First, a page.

Data Sources

This page explains the sources of information in the database for 1843, 1844, 1845, and 1857. It also includes a short description of 1850-1854 data which is not currently incorporated, but can be downloaded in an excel file.


Data from 1843 emerges from Lucas Alamán’s Documents diversos (inéditos y muy raros) Vol. 2, a collection of works from Alamán that detail industry and agriculture in Mexico in the early Republic.[1] Copies of this work are held in select libraries in the United States.[2] Lucas Alamán was a Mexican textile factory owner and statesman, who led La dirección general de industria, a governmental organization which oversaw the industrial development of the country. Under the direction of this organization, the data from 1843, 1844, and 1845 was collected. It is not exactly clear how the data was collected, although it probably emerged from government officials or reporting from ownership. Alamán’s volume presents a large amount of data on the textile industry, especially production numbers by region. The following picture shows an example of the 1843 data:

The data has 14 categories listed (as written in document): Nombres de las fabricas, Donde estan siutuadas, Dueños, Husos Establecidos, Idem en errecion (Husos), Total (Husos), Numeros de telerares, Horas que trabajan, raya semenaria, quintales algodon semanarios, precio a que compran el algodon, hilaza de algodon, manta idem. Idem., and moto. All prices are listed in dollars (either Spanish or U.S. dollars, the same during this period).

1844 and 1845

The data for 1844 and 1845 also appears in Alamán’s Documentos diversos, but lacks many of the same data categories. Here is an example in the picture below:

The data categories listed are (as written in document): Nombres de las fabricas, Dueños, Dónde están situadas, Husos en accion en 1844, Husos en acicon en 1845, and Husos sin accion en 1845. As compared to the 1843 data, there is a lack of price information and specifics on the operation of the factory. 


The 1857 data emerges from Luis Robles Pezuela’s Memorial del ministro de Fomento L. Robles Pezuela: año 1865.[3] Pezuela was the Minister of the Interior for Mexico and the data emerges from a government collection of the development department under the Maximilien regime. The full data can be accessed via Hathi Trust. Unlike the other data organized into tables, this was recorded in a list in a more narrative format and is not structed. It also includes far less data than the 1843 version. A sample of the data is pictured below.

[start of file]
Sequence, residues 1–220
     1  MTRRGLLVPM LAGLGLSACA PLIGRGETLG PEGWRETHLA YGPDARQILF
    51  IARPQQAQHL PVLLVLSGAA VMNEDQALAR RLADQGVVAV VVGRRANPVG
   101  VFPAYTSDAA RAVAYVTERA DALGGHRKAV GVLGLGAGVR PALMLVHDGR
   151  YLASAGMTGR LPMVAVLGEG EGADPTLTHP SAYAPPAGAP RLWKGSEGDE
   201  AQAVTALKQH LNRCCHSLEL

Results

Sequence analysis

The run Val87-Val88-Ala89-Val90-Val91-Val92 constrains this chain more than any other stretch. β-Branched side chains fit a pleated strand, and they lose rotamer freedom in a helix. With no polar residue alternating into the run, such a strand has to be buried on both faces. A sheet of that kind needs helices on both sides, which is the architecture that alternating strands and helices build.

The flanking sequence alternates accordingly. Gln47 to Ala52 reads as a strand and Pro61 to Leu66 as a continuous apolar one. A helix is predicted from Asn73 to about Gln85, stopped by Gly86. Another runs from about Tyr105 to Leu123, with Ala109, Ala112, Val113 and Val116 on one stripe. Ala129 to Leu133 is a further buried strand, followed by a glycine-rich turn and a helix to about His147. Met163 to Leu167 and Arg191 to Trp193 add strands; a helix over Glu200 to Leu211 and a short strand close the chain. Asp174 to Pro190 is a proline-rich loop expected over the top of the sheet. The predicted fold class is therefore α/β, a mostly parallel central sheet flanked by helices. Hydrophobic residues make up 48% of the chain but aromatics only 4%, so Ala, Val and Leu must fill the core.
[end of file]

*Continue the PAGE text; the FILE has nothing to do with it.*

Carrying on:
Although not specific in categories, the region, name of factory, type of factory, ownership and number of looms are all present here. The document specifies it includes those factories that met “el decreto de 4 de Augusto de 1857.” 


In addition to the 1843, 1844, and 1845 data in this database, very detailed data from 1850-1854 exists that provides valuable information about factories, including factory workers. This data also emerges from the development department and was collected compiled in 1854, in the volume Anales de ministerio del fomente: Industria agrícola, minera, fabril, manufacturera y comercial, y estadística general de la República Mexicana.[4] A sample of the data can be seen below:

The categories for this data include (as written in document): departamentos, nombres de las fábricas, puntos en que están situadas, sus duénos, husos en actividad, en ereccion (husos), teleraes de poder, id. de. Mano (husos), quintales de algodon que consuman anualmente, libras de hilaza que producen anualmente, piezas de manta que producen anualmente, costo del algodon puesto en la fábrica, precio á que venden en ella las hilazas (lib.), precio de tejidos (pieza), númro de empleados y operativos que tiene, valor de los sueldos y rayas anualmentes, costo total del edificio y maquiniaria, exsistencias, potencia, and fecha que dieron las noticias. This data is potentially far more useful for analyzing working conditions and the technology utilized in the factory than that from 1843-1845 of 1850-1854. However, as it is reported annually it does correspond with the data from other years. Weeks and years cannot be so easily extrapolated to each other, since workers in Mexico worked fairly inconsistently and festivals often interrupted regular work. For this reason, I have put this data in an excel sheet.

[1] Lucas Alamán. Documentos diversos: (inéditos y muy raros), Volume 2. Editorial Jus, 1945.

[2] I acquired this through Interlibrary Loan.

[3] Robles Pezuela, Luis. Memorial del ministro de Fomento L. Robles Pezuela : Año 1865. México : Andrade, 1866.

[4] Anales del Ministerio de Foment: industria agrícola, minera, fabril, manufacturera y comercial, y estadística general de la República Mexicana. Impr. de F. Escalante y Comp. (México); I accessed this data via Sabin Americana.